And that's where we need to start our discussion. Now that all the old rules about candidate behavior have been blown away, do presidential candidates even need digital policies?
Yes, they do. More than ever, in my opinion. Let me tell you why.
Digital policies for 2020 and beyond
While the 2016 election tossed traditional rules about political campaigns to the trash heap, that doesn't mean you can do anything you want. Even if it's just for the sake of consistency, candidates need digital policies for their own campaigns, regardless of what anybody else is doing. Here are some important things to consider.
Align your digital policies with your campaign strategy
Aside from all the accompanying bells and whistles, why do you want to be president? What ideological beliefs are driving you? If you were to become president, what would you want your legacy to be? Once you've answered those questions honestly, you can develop your campaign strategy. Only then can you develop digital policies that are in alignment with the overall purpose -- the "Why?" -- of your campaign:
- If part of your campaign strategy, for example, is to position yourself as someone who's above the fray of the nastiness of modern politics, then one of your digital policies should be that your campaign will never post or share anything that attacks another candidate on a personal level. Attacks will be targeted only at the policy level.
- While it's not something I would recommend, if your campaign strategy is to depict the other side as "deplorables," then one of your digital policies should be to post and share every post, meme, image, etc. that supports your claim.
- If a central piece of your platform is that detaining would-be refugees at the border is inhumane, then your digital policies should state that you will never say, post, or share anything that contradicts that belief, even if Trump plans to relocate some of them to your own city. Complaining that such a move would put too big a strain on local resources -- even if true -- would be making an argument for the other side. Don't do it.
- Don't be too quick to share posts or Tweets from supporters. If it's a text post, read all of it to make sure there's not something in there that would reflect negatively on you. And examine images closely to make sure there's not a small detail that someone may notice.
- Decide what your campaign's voice and tone will be. When you send out emails asking for donations, will you address the recipient as "friend" and stress the urgency of donating so you can continue to fight for them? Or will you personalize each email and use a more low-key, collaborative approach?
Those are just a few examples. The takeaway is that your online behavior should always support your campaign strategy. While you could probably get away with posting or sharing something that seems mean or "unpresidential," posting something that contradicts who you say you are could be deadly to your campaign. Trust me on this -- if there are inconsistencies, Twitter will find them and broadcast them to the world. And you'll have to waste valuable time, resources, and public trust to explain those inconsistencies away.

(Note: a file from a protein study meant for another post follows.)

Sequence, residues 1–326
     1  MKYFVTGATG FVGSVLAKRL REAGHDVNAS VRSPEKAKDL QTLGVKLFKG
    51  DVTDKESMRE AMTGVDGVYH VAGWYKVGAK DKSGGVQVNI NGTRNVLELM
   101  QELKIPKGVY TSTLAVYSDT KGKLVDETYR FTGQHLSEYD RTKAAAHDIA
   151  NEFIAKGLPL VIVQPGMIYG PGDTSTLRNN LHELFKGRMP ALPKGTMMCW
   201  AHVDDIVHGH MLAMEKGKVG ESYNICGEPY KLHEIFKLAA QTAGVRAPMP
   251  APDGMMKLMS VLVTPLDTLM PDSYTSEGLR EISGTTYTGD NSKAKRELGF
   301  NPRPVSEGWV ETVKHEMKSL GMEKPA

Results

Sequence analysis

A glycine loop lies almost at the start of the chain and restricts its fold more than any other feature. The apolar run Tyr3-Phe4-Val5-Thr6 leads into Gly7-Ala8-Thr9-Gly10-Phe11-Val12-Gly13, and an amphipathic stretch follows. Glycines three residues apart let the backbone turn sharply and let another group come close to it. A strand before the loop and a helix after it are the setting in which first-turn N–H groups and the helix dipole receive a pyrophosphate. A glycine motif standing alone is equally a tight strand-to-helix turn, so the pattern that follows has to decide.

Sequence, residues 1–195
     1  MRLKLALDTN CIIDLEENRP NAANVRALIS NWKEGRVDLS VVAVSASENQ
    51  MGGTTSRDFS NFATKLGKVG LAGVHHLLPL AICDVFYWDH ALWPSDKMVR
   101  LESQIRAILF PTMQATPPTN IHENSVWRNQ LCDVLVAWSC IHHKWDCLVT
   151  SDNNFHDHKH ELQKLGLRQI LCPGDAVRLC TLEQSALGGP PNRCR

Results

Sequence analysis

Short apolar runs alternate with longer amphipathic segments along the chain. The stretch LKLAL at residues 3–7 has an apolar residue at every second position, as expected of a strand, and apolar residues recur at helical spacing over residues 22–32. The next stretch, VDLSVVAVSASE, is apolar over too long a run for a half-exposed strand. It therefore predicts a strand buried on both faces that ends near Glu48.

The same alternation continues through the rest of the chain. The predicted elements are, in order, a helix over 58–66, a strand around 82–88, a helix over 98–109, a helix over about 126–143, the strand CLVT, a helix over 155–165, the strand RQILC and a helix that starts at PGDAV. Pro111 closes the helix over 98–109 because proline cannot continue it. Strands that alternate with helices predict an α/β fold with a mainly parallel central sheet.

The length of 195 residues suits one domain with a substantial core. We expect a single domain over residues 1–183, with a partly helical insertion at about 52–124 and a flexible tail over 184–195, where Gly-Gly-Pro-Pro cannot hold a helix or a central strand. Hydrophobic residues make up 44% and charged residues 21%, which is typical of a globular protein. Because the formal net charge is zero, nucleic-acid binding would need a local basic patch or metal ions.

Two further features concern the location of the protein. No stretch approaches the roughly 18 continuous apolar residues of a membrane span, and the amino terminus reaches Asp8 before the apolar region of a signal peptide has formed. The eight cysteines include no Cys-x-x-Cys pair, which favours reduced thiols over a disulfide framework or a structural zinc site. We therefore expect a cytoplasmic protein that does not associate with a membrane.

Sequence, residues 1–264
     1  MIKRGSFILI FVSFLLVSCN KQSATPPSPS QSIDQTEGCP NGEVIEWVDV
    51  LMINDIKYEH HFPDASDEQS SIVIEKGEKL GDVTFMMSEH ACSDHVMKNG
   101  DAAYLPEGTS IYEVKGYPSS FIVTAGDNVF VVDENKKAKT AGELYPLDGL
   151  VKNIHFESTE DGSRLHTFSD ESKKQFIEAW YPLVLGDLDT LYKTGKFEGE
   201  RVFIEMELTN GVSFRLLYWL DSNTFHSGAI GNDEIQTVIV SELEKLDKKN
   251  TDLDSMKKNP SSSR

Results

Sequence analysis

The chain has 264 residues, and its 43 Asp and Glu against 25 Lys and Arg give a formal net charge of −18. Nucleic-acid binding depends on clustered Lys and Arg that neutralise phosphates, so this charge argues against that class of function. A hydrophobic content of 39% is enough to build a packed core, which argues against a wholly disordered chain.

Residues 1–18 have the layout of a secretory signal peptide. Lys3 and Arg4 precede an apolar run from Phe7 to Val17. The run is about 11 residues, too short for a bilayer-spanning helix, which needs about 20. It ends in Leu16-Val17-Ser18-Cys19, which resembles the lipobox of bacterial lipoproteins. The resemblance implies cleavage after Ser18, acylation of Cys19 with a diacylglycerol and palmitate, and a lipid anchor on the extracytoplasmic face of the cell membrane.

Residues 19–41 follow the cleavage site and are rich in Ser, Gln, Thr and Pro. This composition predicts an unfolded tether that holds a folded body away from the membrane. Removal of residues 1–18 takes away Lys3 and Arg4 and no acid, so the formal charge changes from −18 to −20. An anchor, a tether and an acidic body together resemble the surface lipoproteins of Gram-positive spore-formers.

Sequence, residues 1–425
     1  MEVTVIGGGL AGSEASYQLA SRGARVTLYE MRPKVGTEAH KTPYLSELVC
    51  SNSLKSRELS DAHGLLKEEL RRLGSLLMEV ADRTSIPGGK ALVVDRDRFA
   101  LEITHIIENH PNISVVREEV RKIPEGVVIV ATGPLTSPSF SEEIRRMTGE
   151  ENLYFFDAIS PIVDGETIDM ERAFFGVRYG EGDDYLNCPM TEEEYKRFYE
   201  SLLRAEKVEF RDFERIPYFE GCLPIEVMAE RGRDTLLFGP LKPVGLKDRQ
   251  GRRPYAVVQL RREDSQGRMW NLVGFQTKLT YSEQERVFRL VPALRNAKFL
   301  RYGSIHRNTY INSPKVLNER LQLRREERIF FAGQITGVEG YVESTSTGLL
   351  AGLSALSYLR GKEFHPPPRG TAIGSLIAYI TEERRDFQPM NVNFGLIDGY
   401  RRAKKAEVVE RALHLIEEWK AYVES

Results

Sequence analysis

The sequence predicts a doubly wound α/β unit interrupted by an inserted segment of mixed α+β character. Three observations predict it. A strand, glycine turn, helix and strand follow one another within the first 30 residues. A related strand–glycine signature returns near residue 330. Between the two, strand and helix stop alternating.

Remember that the most common-sense digital policies still apply
The 2016 election didn't abolish all of the rules. Some still apply and should definitely be included in your digital policies:
- Claim every domain you can think of that a supporter might type into a search engine. Jeb Bush not claiming www.jebbush.com (the official campaign domain was www.jeb2016.com) was a rookie mistake, and he deserved to have his supporters redirected to Trump's site.
- Choose your campaign's Twitter handle wisely. It should be obvious, not clever or cutesy. In addition, consider creating accounts with possible variations of the Twitter handle you chose so that no one else can use them.
- Give the same care to selecting hashtags. When considering a hashtag, conduct a search to understand its current use -- it might not be what you think! When making up new hashtags, try to avoid anything that could be hijacked for a different purpose -- one that might end up embarrassing you.
- Make sure that anyone authorized to Tweet, post, etc., on your behalf has a copy of your digital policies and understands the reasons behind them. (People are more likely to follow a rule if they understand why it's important.)
- Decide what you'll do if you make an online faux pas that starts a firestorm. What's your emergency plan?
- Consider sending an email to supporters who sign up on your website, thanking them for their support and suggesting ways (based on digital policies) they can help your messaging efforts. If you let them know how they can best help you, most should be happy to comply. It's a small ask that could prevent you from having to publicly disavow an ardent supporter.
- Make sure you're compliant with all applicable regulations: campaign finance, accessibility, privacy, etc. Adopt a double opt-in policy, so that users who sign up for your newsletter or email list through your website have to confirm by clicking on a link in an email. (And make sure your email template provides an easy way for people to unsubscribe.)
- Few people thought 2016 would end the way it did. And there's no way to predict quite yet what forces will shape the 2020 election. Careful tracking of your messaging (likes, shares, comments, etc.) will tell you if you're on track or if public opinion has shifted yet again. If so, your messaging needs to shift with it. Ideally, one person should be responsible for monitoring reaction to the campaign's messaging and for raising a red flag if reactions aren't what was expected.
Thankfully, the world hasn't completely lost its marbles
Whatever the outcome of the election may be, candidates now face a situation where long-standing rules of behavior no longer apply. You now have to make your own rules -- your own digital policies. You can't make assumptions about what the voting public will or won't accept. You can't assume that "They'll never vote for someone who acts like that"; neither can you assume, "Oh, I can get away with that, too." So do it right from the beginning. Because in this election, I predict that sound digital policies combined with authenticity will be your best friend.